In-depth Q&A: How will the UK’s hydrogen strategy help achieve net-zero?
The UKs new, long-awaited hydrogen method supplies more information on how the federal government will support the development of a domestic low-carbon hydrogen sector, which today is essentially non-existent.
In this article, Carbon Brief highlights bottom lines from the 121-page method and takes a look at a few of the main talking points around the UKs hydrogen strategies.
Hydrogen will be “crucial” for attaining the UKs net-zero target and could meet up to a 3rd of the nations energy requirements by 2050, according to the federal government.
Meanwhile, firm decisions around the extent of hydrogen usage in domestic heating and how to ensure it is produced in a low-carbon way have actually been postponed or put out to assessment for the time being.
Experts have alerted that, with hydrogen in short supply in the coming years, the UK should prioritise it in “hard-to-electrify” sectors such as heavy industry as capability expands.
Why does the UK need a hydrogen technique?
The file includes an exploration of how the UK will broaden production and develop a market for hydrogen based upon domestic supply chains. This contrasts with Germany, which has actually been wanting to import hydrogen from abroad.
A recent All Party Parliamentary Group report on the role of hydrogen in powering market included a list of demands, specifying that the government needs to “expand beyond its existing commitments of 5GW production in the upcoming hydrogen method”. This call has been echoed by some market groups.
Prior to the brand-new technique, the prime ministers 10-point plan in November 2020 included strategies to produce five gigawatts (GW) of yearly low-carbon hydrogen production capability in the UK by 2030. Currently, this capability stands at essentially zero.
Nevertheless, the Climate Change Committee (CCC) has kept in mind that, in order to hit the UKs carbon budget plans and attain net-zero emissions, decisions in areas such as decarbonising heating and lorries need to be made in the 2020s to permit time for facilities and car stock changes.
In its new strategy, the UK federal government makes it clear that it sees low-carbon hydrogen as a key part of its net-zero strategy, and says it desires the nation to be a “international leader on hydrogen” by 2030.
Hydrogen development for the next decade is expected to start gradually, with a government goal to “see 1GW production capability by 2025” set out in the strategy.
Today we have actually published the UKs very first Hydrogen Strategy! This is our strategy to: kick-start an entire market release the market to cut costs ramp up domestic production unlock ₤ 4bn of private capital assistance 9k jobs #BuildBackGreenerhttps:// t.co/ aHZTr5yYeR– Kwasi Kwarteng (@KwasiKwarteng) August 17, 2021.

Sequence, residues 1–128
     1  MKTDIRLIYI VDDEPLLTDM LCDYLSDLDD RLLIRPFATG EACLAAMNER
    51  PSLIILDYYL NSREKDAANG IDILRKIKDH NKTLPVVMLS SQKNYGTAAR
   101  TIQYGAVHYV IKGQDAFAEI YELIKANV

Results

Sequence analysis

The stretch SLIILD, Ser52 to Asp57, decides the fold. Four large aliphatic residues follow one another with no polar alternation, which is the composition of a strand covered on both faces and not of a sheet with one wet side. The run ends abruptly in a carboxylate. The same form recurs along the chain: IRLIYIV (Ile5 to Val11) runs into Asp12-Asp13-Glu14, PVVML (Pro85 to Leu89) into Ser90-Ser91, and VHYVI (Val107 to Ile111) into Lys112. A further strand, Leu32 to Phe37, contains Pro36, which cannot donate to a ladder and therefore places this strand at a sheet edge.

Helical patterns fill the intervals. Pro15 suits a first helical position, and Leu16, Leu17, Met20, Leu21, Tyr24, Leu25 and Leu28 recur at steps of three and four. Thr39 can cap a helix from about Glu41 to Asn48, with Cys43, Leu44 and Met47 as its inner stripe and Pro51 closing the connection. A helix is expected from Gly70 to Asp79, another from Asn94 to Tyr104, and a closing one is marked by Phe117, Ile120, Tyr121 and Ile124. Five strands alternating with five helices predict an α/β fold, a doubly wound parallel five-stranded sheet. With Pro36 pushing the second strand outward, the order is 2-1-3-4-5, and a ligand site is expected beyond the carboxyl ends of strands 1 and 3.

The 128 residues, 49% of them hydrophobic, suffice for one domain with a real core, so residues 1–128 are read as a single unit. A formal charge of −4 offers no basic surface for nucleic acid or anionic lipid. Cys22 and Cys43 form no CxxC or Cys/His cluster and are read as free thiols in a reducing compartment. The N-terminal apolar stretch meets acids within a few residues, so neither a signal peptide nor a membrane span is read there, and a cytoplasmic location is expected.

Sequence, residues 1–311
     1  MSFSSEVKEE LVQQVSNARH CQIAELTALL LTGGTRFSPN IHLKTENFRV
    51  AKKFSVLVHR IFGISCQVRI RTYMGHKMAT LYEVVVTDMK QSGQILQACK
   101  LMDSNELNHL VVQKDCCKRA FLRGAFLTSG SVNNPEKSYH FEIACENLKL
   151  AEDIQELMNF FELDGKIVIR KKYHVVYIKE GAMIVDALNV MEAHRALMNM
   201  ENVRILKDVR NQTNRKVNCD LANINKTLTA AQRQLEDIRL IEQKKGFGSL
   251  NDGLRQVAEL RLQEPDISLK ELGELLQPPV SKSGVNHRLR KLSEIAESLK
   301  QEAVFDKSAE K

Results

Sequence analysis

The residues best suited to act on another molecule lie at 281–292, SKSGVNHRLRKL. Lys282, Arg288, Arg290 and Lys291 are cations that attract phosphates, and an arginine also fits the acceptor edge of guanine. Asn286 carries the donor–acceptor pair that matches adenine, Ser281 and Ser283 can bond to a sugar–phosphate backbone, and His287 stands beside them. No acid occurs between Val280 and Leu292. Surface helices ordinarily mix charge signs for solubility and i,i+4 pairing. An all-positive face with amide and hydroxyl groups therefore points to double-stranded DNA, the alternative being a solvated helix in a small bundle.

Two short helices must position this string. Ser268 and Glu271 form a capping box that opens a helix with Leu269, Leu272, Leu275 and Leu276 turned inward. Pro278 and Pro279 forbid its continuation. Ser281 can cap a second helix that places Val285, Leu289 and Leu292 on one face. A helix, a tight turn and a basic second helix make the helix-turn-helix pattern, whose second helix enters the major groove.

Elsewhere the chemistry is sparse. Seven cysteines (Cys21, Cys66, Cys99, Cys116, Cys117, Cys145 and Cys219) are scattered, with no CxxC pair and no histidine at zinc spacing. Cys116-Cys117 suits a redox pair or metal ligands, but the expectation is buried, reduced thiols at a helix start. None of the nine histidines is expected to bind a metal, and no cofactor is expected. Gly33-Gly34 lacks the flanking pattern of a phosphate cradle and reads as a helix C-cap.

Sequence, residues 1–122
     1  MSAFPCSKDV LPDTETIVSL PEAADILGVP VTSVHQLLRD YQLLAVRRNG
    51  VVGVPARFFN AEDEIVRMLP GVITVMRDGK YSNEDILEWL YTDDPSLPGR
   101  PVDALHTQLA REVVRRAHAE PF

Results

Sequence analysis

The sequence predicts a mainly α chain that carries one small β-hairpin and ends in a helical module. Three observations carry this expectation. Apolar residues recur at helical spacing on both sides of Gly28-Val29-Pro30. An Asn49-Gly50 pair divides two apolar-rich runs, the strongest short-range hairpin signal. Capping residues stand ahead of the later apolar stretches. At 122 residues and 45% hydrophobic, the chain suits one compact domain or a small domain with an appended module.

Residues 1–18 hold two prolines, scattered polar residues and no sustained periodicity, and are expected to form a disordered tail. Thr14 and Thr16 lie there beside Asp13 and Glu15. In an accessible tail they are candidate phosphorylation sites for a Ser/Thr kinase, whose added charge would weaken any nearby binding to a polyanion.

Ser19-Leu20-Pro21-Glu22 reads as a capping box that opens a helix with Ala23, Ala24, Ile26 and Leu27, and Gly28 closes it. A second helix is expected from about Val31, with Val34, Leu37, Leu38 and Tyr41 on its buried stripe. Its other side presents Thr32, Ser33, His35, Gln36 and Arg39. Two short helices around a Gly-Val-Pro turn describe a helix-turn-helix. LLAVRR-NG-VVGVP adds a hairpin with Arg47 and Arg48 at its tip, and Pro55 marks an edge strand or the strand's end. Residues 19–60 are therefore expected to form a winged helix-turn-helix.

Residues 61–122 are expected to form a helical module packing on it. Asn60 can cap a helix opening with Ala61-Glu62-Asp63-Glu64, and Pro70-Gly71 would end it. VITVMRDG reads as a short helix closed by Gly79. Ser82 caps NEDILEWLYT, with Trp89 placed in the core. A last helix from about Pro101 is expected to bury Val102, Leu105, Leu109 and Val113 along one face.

There were likewise over 100 recommendations to hydrogen throughout the federal governments energy white paper, showing its potential use in many sectors. It also features in the commercial and transportation decarbonisation techniques launched earlier this year.
Nevertheless, as with the majority of the governments net-zero method documents up until now, the hydrogen plan has actually been postponed by months, leading to uncertainty around the future of this fledgling industry.
The strategy does not increase this target, although it notes that the government is “knowledgeable about a potential pipeline of over 15GW of jobs”.
The level of hydrogen usage in 2050 envisaged by the strategy is rather greater than set out by the CCC in its newest guidance, however covers a comparable range to other research studies.
Its flexibility means it can be used to deal with emissions in “hard-to-abate” sectors, such as heavy market, however it presently suffers from high prices and low effectiveness..
In some applications, hydrogen will take on electrification and carbon capture and storage (CCS) as the finest means of decarbonisation.
Critics likewise characterise hydrogen– the majority of which is presently made from natural gas– as a way for fossil fuel business to keep the status quo. (For all the benefits and downsides of hydrogen, see Carbon Briefs thorough explainer.).
Companies such as Equinor are continuing with hydrogen developments in the UK, however market figures have alerted that the UK risks being left behind. Other European countries have actually pledged billions to support low-carbon hydrogen growth.
However, as the chart listed below programs, if the federal governments strategies come to fruition it might then expand substantially– comprising in between 20-35% of the nations total energy supply by 2050. This will require a significant growth of facilities and skills in the UK.
The plan likewise required a ₤ 240m net-zero hydrogen fund, the development of a hydrogen area heated up with the gas by 2023, and increasing hydrogen mixing into gas networks to 20% to reduce dependence on natural gas.
Hydrogen is extensively viewed as an essential component in strategies to achieve net-zero emissions and has been the subject of considerable buzz, with numerous nations prioritising it in their post-Covid green healing plans.
Hydrogen need (pink location) and percentage of last energy intake in 2050 (%). The central range is based upon illustrative net-zero constant scenarios in the 6th carbon spending plan effect evaluation and the full variety is based on the entire range from hydrogen technique analytical annex. Source: UK hydrogen technique.
What range of low-carbon hydrogen will be prioritised?
The method states that the proportion of hydrogen provided by specific technologies “depends upon a range of assumptions, which can only be evaluated through the markets reaction to the policies set out in this method and real, at-scale implementation of hydrogen”..
The chart below, from a document laying out hydrogen expenses released together with the main method, shows the anticipated declining cost of electrolytic hydrogen over time (green lines). (This consists of hydrogen made utilizing grid electricity, which is not technically green unless the grid is 100% eco-friendly.).
In the example picked for the consultation, gas paths where CO2 capture rates are below around 85% were omitted..
The CCC has actually formerly specified that the government needs to “set out [a] vision for contributions of hydrogen production from different routes to 2035” in its hydrogen strategy.
The figure below from the consultation, based on this analysis, reveals the effect of setting a limit of 15-20gCO2e per megajoule (MJ) of hydrogen (red bar). In this example, those production techniques above the red line, including some for producing blue hydrogen, would be omitted.